Revealed: How The Sugar Industry Paid Prestigious Harvard Researchers to Say Fat (Not Sugar) Caused Heart Disease
At the time, in the 1960s, conflict of interest disclosure was not required.
It meant sugar chiefs could work closely with researchers to re-draft and re-draft their paper until it was ‘satisfactory’ – without having to report their involvement.
The result shaped public health approaches to nutrition for years.
The findings, revealed today in a special report in JAMA Internal Medicine, has sent shockwaves through the research community.
‘I thought I had seen everything but this one floored me,’ said Marion Nestle of New York University, who wrote an editorial on the new findings.
‘It was so blatant. And the “bribe” was so big.’
‘Funding research is ethical,’ Nestle said.
‘Bribing researchers to produce the evidence you want is not.
The warped research appeared in a 1967 literature review in The New England Journal of Medicine.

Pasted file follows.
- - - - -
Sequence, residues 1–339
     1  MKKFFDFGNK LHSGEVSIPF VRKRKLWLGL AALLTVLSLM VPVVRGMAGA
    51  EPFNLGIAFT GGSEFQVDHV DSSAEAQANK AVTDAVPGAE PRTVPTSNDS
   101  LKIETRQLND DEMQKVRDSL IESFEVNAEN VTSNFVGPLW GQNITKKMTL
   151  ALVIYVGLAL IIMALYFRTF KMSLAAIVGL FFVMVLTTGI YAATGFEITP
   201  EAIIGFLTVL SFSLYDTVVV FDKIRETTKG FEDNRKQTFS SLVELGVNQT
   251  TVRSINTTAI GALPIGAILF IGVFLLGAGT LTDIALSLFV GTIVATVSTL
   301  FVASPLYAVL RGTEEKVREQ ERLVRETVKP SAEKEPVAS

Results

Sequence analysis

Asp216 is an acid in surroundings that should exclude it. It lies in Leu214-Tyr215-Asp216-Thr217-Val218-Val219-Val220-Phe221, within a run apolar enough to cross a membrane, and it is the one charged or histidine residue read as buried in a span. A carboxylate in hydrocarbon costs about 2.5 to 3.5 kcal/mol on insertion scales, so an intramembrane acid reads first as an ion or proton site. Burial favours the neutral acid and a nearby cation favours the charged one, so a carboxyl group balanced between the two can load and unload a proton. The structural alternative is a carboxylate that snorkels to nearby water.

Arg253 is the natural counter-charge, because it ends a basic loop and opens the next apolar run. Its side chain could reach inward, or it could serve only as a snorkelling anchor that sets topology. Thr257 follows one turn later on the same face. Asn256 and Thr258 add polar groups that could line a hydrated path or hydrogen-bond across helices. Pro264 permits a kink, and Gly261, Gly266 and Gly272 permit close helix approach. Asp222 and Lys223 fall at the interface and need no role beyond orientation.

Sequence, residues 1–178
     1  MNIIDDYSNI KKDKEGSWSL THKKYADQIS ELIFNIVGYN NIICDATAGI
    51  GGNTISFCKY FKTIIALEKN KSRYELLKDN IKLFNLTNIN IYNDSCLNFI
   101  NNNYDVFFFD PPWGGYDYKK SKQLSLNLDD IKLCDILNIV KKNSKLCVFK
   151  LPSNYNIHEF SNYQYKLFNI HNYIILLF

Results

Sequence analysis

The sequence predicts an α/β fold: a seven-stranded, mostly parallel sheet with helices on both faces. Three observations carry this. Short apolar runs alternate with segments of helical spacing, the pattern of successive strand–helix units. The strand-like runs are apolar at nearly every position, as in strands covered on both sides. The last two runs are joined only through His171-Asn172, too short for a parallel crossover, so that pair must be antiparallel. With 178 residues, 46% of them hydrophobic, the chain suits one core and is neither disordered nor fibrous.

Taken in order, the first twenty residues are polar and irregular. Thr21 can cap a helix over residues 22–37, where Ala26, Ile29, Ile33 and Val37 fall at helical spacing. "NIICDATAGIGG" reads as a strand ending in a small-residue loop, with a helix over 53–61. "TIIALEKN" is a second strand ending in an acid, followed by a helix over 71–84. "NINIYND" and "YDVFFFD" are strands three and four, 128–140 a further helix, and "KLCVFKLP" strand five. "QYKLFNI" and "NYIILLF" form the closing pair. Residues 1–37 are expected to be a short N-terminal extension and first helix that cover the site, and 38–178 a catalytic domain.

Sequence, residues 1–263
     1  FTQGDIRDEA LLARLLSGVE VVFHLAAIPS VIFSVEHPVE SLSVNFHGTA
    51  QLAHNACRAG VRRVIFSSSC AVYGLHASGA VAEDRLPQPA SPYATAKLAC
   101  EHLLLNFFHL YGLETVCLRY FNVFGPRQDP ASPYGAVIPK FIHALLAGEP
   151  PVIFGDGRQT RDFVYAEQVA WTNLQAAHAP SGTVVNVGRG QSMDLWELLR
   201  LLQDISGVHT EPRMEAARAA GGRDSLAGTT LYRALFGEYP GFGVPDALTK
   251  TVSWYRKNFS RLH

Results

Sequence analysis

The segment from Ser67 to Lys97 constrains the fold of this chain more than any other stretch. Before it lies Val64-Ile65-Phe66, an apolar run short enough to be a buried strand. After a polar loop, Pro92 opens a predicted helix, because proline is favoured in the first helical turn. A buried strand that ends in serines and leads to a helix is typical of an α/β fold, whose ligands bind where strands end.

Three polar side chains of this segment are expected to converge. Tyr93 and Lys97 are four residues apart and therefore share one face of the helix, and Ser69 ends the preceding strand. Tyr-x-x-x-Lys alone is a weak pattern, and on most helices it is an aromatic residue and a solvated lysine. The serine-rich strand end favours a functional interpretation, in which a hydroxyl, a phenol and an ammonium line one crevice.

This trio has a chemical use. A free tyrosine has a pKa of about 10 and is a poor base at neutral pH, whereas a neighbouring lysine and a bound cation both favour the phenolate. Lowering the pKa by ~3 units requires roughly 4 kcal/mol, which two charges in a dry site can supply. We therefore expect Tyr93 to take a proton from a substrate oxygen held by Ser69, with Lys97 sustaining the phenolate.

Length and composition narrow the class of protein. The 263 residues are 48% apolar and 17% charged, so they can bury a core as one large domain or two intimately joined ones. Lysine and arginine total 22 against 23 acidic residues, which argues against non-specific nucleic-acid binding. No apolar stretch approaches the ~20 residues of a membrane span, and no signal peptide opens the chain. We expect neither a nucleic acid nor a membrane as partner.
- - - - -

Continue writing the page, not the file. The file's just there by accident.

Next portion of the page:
It pointed to fat and cholesterol as the dietary culprits of heart disease, glossing over evidence from the 1950s that sugar was also linked to heart disease.
According to the new report, the NEJM review was sponsored by the Sugar Research Foundation (SRF), which is today the Sugar Association.
Its role in the study was not disclosed until 1984.
Harvard professor of nutrition Dr Mark Hegsted co-directed the SRF’s first heart disease research project from 1965 to 1966.
In the new report, Laura A. Schmidt of the University of California, San Francisco and colleagues have uncovered correspondence that shows how Dr Hegsted was commissioned by the SRF to reach a specific conclusion.
Archives from the University of Illinois and the Harvard Medical Library reveal that the foundation set the objective for the literature review, funded it and reviewed drafts of the manuscript.
The researchers also reviewed symposium proceedings and historical reports.
In 1954, they say, foundation president Henry Haas gave a speech highlighting the potential of reducing American fat intake and recapturing those calories as carbohydrates that would increase the per capita consumption of sugar more than a third.
In 1962, an American Medical Association nutrition report indicated that low-fat high-sugar diets may actually encourage the development of cholesterol.
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